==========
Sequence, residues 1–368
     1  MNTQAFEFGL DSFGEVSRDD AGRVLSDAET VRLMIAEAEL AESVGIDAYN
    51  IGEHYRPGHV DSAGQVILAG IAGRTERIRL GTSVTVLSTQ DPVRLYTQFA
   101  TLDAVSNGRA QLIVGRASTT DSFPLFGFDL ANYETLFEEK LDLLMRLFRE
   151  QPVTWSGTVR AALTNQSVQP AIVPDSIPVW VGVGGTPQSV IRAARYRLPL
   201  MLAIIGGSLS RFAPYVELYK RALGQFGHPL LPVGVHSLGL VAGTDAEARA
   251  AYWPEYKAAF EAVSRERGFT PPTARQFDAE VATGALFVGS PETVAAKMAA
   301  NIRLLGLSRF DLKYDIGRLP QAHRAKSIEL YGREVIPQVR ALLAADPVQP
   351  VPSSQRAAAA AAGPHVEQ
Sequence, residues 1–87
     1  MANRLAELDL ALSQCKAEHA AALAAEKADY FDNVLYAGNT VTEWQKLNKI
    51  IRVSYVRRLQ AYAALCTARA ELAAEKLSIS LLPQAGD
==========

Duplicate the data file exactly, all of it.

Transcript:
Sequence, residues 1–368
     1  MNTQAFEFGL DSFGEVSRDD AGRVLSDAET VRLMIAEAEL AESVGIDAYN
    51  IGEHYRPGHV DSAGQVILAG IAGRTERIRL GTSVTVLSTQ DPVRLYTQFA
   101  TLDAVSNGRA QLIVGRASTT DSFPLFGFDL ANYETLFEEK LDLLMRLFRE
   151  QPVTWSGTVR AALTNQSVQP AIVPDSIPVW VGVGGTPQSV IRAARYRLPL
   201  MLAIIGGSLS RFAPYVELYK RALGQFGHPL LPVGVHSLGL VAGTDAEARA
   251  AYWPEYKAAF EAVSRERGFT PPTARQFDAE VATGALFVGS PETVAAKMAA
   301  NIRLLGLSRF DLKYDIGRLP QAHRAKSIEL YGREVIPQVR ALLAADPVQP
   351  VPSSQRAAAA AAGPHVEQ
Sequence, residues 1–87
     1  MANRLAELDL ALSQCKAEHA AALAAEKADY FDNVLYAGNT VTEWQKLNKI
    51  IRVSYVRRLQ AYAALCTARA ELAAEKLSIS LLPQAGD